GOED reveals latest science on omegas for immune health

By Olivia Brown

- Last updated on GMT

© vovashevchuk / Getty Images
© vovashevchuk / Getty Images

Related tags omega 3 fatty acids EPA and DHA Fish oil supplements Omega-3 fatty acid

GOED has revealed the significant role that DHA and EPA may play in immune health following a review of its scientific database, with new research suggesting their potential association with white blood cell biology as well as inflammatory resolution.

Human studies have found that EPA and DHA may play a protective role in acute lung injury, moderate allergies and allergic diseases, and may enhance immunity during pregnancy and in those with cancer. And animal-based research challenged the notion that fish oil is only immunosuppressive by suggesting immune-enhancing activities.

These were key findings highlighted from analysis of GOED's scientific database during its recent webinar titled “Illuminate the Science IV: EPA and DHA for Immune Health”.

The database is a specialised search tool compiling peer-reviewed research on EPA and DHA omega-3s in relation to an array of different health areas, enabling companies to understand the latest evidence in relation to their products, substantiate claims, and inform new product development.

Significant science

Kaitlin Roke, director of scientific communication and outreach for GOED, pointed out the significant scientific interest in the role of DHA and EPA omega-3s in immune health, with 381 human interventional studies noted to have investigated the relationship during this year.

Roke noted one relevant review article​ investigating the effects of omega-3s on immune cells, which concluded: “To our knowledge, from all the immune cells investigated to date, none of them has been inert to dietary omega-3 fatty acids.”

She emphasised the significance of the research: “This is saying that in almost every experiment, the immune cells are impacted to some extent. So now we just need to see what types of cells are changing and how?”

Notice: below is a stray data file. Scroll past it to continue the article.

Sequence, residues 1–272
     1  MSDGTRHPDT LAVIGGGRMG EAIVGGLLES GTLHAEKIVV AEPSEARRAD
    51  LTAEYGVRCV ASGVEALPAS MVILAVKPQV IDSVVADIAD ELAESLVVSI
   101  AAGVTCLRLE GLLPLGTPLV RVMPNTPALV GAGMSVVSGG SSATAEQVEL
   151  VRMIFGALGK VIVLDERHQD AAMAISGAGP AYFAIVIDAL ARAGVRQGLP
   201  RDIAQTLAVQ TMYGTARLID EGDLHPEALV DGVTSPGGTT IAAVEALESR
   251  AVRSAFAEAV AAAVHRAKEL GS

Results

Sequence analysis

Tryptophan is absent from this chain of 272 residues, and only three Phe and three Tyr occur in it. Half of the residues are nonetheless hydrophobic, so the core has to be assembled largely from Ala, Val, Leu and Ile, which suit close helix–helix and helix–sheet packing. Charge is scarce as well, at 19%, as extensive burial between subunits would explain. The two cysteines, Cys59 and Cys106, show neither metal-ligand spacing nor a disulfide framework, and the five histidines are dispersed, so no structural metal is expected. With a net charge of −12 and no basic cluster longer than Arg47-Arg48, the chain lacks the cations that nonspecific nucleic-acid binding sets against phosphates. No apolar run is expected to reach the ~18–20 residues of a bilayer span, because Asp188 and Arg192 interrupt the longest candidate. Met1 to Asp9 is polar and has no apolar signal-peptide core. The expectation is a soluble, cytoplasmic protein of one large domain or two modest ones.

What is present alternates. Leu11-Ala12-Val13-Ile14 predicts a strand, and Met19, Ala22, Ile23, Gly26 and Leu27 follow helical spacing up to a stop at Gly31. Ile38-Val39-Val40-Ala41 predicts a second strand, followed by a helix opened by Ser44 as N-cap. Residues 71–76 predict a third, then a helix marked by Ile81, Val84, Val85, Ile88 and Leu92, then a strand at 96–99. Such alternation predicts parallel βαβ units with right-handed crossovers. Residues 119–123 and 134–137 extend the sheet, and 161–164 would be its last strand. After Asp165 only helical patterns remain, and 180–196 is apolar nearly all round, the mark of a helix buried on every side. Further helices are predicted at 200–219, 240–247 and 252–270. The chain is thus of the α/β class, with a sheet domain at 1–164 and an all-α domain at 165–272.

Yet, she underlined the challenges involved in concluding on the outcomes of intakes on immune cells and specific health areas, due to the variety of measurement methods being used.

She added that significant variation in study design also represents a barrier, with research often using different DHA and EPA concentrations, incubation times, proportions, and durations of supplementation.

Proposed mechanisms

It is known that the human body has two distinct immune responses to invading pathogens, viruses, or bacteria, including innate and adaptive immunity. Whilst adaptive immunity enables for a more specific response over a longer period, innate immunity causes a faster response resulting in generalised outcomes such as a fever and inflammation.

Roke noted that a previous webinar​ pointed out the significant role that DHA and EPA plays in the resolution of inflammation, resulting from the production of inflammatory cytokines, noting that this significant overlap between the two research areas adds further challenges to concluding specifically on immunity.

She explained: “When we think about how DHA and EPA are related to our immune health, there are a lot of theories and mechanisms which are originally supported from cell culture and animal research, of which some have been translated to human clinical studies.

“But the general baseline concepts repeated throughout the literature were that EPA and DHA may support a health immune system by lowering circulating levels of inflammatory markers, helping to resolve the inflammatory response using specialised pro-resolving mediators, incorporation into cell membranes including those of the immune system and lipid rafts, and altering gene expression.” 

Yet, she said that new research suggests EPA and DHA may influence adaptive immunity through their association with B and T cell biology.

She noted a previous study​ investigating the effects of six-weeks of omega-3 supplementation following exercise in a group of athletes, which enabled for the increased activity of the cytotoxic activities of natural killer cells which are released during the innate immune response.

A further study​ found that when pregnant women were supplemented with EPA/DHA during the third trimester, there was a 31% reduced likelihood of offspring asthma when compared to the placebo group.

She added that DHA-rich fish oil has been observed to enhance white blood cell activity in mice, challenging the existing concept that fish oil is only immunosuppressive.

“We typically think of EPA and DHA as being part of the resolution. But in this case, if it’s actually working to enhance immunity, does this mean that it plays a more active role over just a suppressive role?” she questioned.

Concluding on the state of current research, Roke said: “At this time, it’s difficult to characterise exactly what biomarker to look at, and how much EPA and DHA might be needed to elucidate an effect on immune health.”

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